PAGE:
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Dysfunctional Uterine Bleeding

Abnormal uterine bleeding is a common presenting problem in gynae OPD. Dysfunctional uterine bleeding (DUB) is defined as abnormal uterine bleeding in the absence of organic disease. Dysfunctional uterine bleeding is the most common cause of abnormal vaginal bleeding during a woman's reproductive years. Dysfunctional uterine bleeding can have a substantial financial and quality-of-life burden. It affects women's health both medically and socially.
Pathophysiology

The normal menstrual cycle is 28 days and starts on the first day of menses. During the first 14 days (follicular phase) of the menstrual cycle, the endometrium thickens under the influence of oestrogen. In response to rising oestrogen levels, the pituitary gland secretes follicle-stimulating hormone (FSH) and luteinizing hormone (LH), which stimulate the release of an ovum at the midpoint of the cycle. The residual follicular capsule forms the corpus luteum.

After ovulation, the luteal phase begins and is characterized by production of progesterone from the corpus luteum. Progesterone matures the lining of the uterus and makes it more receptive to implantation. If implantation does not occur, in the absence of human chorionic gonadotropin (HCG), the corpus luteum dies, accompanied by sharp drops in progesterone and oestrogen levels. Hormone withdrawal causes vasoconstriction in the spiral arterioles of the endometrium. This leads to menses, which occurs approximately 14 days after ovulation when the ischemic endometrial lining becomes necrotic and sloughs.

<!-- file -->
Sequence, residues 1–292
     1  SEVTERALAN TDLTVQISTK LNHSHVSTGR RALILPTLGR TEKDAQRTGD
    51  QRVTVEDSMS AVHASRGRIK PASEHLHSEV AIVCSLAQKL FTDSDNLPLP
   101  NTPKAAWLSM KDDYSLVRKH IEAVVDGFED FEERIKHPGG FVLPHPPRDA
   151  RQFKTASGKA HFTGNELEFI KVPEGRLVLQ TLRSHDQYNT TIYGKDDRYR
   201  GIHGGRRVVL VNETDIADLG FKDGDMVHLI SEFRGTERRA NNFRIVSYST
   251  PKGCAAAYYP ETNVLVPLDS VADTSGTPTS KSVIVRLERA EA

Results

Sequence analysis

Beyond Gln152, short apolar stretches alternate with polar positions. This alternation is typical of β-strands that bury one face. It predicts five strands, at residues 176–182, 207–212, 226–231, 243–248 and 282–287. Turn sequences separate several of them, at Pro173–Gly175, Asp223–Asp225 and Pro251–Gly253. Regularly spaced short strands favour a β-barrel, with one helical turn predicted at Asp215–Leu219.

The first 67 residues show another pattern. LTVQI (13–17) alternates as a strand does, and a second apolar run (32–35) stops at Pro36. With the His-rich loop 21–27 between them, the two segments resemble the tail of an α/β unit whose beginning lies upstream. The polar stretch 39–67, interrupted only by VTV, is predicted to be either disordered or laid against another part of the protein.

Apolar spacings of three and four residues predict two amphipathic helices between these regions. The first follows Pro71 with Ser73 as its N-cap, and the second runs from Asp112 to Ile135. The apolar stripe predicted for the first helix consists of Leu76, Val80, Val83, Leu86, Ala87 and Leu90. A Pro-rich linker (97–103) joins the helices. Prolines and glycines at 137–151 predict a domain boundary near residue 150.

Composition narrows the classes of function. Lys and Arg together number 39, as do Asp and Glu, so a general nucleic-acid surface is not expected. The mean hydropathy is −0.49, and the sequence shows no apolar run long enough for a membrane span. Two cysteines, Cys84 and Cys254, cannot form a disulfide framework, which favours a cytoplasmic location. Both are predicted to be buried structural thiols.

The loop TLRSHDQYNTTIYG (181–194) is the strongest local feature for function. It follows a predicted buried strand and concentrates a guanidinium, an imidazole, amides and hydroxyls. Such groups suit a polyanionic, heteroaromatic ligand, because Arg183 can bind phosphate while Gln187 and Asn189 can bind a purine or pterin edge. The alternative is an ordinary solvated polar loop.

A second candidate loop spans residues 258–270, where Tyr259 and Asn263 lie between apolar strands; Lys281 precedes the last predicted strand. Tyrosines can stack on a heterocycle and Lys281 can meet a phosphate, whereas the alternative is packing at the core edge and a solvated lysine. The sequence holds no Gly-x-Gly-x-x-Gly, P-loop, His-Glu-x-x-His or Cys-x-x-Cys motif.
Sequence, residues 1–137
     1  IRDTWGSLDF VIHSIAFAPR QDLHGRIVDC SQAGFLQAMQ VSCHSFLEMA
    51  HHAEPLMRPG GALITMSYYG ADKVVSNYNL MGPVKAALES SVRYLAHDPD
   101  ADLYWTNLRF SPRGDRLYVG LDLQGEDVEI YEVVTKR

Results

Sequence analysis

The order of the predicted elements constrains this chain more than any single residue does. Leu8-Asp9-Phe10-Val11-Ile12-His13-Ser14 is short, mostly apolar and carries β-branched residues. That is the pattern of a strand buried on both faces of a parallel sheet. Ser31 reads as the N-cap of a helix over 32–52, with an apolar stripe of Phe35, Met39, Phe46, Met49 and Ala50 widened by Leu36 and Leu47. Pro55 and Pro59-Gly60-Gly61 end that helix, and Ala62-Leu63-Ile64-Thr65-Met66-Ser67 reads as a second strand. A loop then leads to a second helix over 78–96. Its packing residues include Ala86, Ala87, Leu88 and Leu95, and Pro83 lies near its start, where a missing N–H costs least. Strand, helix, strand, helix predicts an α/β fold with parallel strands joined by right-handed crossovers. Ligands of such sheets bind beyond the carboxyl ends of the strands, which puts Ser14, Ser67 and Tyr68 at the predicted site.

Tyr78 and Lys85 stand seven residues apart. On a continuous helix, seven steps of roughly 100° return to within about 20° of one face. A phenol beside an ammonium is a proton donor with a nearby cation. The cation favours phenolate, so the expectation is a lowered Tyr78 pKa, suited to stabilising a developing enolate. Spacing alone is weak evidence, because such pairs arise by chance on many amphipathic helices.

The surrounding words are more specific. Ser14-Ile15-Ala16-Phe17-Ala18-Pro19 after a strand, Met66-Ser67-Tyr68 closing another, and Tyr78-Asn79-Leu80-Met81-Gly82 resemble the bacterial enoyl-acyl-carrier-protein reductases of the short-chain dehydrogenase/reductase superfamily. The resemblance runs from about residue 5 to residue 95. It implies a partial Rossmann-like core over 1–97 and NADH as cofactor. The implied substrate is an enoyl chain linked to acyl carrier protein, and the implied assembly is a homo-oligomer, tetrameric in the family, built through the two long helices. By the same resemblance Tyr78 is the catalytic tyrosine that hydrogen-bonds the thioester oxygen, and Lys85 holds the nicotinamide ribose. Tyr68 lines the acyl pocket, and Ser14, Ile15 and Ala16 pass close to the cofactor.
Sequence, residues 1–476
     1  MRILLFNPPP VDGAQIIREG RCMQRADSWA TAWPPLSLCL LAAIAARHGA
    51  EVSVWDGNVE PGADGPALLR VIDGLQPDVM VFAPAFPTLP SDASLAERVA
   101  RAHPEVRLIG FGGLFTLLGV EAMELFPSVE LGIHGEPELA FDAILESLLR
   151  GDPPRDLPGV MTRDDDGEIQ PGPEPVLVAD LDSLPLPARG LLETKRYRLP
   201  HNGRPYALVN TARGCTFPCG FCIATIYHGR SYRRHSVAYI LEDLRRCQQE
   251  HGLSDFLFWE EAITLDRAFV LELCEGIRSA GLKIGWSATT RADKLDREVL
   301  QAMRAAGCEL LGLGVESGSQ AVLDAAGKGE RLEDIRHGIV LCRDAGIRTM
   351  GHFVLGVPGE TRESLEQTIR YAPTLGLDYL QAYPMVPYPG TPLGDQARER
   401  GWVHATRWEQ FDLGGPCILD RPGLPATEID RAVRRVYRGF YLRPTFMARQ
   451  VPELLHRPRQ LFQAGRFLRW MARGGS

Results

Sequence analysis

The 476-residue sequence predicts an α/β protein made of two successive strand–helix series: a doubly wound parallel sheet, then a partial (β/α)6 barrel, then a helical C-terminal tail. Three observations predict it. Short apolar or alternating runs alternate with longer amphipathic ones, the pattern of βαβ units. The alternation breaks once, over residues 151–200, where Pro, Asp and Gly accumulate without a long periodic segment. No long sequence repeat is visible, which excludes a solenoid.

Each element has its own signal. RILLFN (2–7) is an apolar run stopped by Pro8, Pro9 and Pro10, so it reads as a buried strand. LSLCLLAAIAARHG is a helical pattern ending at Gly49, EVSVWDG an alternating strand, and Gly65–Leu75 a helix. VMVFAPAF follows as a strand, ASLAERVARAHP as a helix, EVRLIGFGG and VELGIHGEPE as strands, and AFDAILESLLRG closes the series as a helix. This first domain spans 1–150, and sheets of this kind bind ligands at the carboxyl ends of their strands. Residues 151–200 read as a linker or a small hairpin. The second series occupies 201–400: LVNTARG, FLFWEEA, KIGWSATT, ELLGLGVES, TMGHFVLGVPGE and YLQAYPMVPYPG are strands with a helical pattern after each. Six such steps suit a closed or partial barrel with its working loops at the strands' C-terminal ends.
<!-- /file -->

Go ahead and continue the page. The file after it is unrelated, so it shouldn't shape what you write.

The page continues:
Terms frequently used to describe abnormal uterine bleeding

  • Menorrhagia - Prolonged (>7 d) or excessive (>80 mL daily) uterine bleeding occurring at regular intervals

  • Metrorrhagia - Uterine bleeding occurring at irregular and more frequent than normal intervals

  • Menometrorrhagia - Prolonged or excessive uterine bleeding occurring at irregular and more frequent than normal intervals

  • Intermenstrual bleeding - Uterine bleeding of variable amounts occurring between regular menstrual periods

  • Midcycle spotting - Spotting occurring just before ovulation, typically from declining estrogen levels

  • Postmenopausal bleeding - Recurrence of bleeding in a menopausal woman at least 6 months to 1 year after cessation of cycles

  • Amenorrhea - No uterine bleeding for 6 months or longer

Dysfunctional uterine bleeding is a diagnosis of exclusion. It is ovulatory or anovulatory bleeding, diagnosed after pregnancy, medications, iatrogenic causes, genital tract pathology, malignancy, and systemic disease have been ruled out by appropriate investigations. Approximately 90% of dysfunctional uterine bleeding cases result from anovulation, and 10% of cases occur with ovulatory cycles.3

 

Anovulatory dysfunctional uterine bleeding results from a disturbance of the normal hypothalamic-pituitary-ovarian axis and is particularly common at the extremes of the reproductive years. When ovulation does not occur, no progesterone is produced to stabilize the endometrium; thus, proliferative endometrium persists. Bleeding episodes become irregular, and amenorrhea, metrorrhagia, and menometrorrhagia are common. Bleeding from anovulatory dysfunctional uterine bleeding is thought to result from changes in prostaglandin concentration, increased endometrial responsiveness to vasodilating prostaglandins, and changes in endometrial vascular structure.

 

In ovulatory dysfunctional uterine bleeding, bleeding occurs cyclically, and menorrhagia is thought to originate from defects in the control mechanisms of menstruation. It is thought that, in women with ovulatory dysfunctional uterine bleeding, there is an increased rate of blood loss resulting from vasodilatation of the vessels supplying the endometrium due to decreased vascular tone, and prostaglandins have been strongly implicated. Therefore, these women lose blood at rates about 3 times faster than women with normal menses. 

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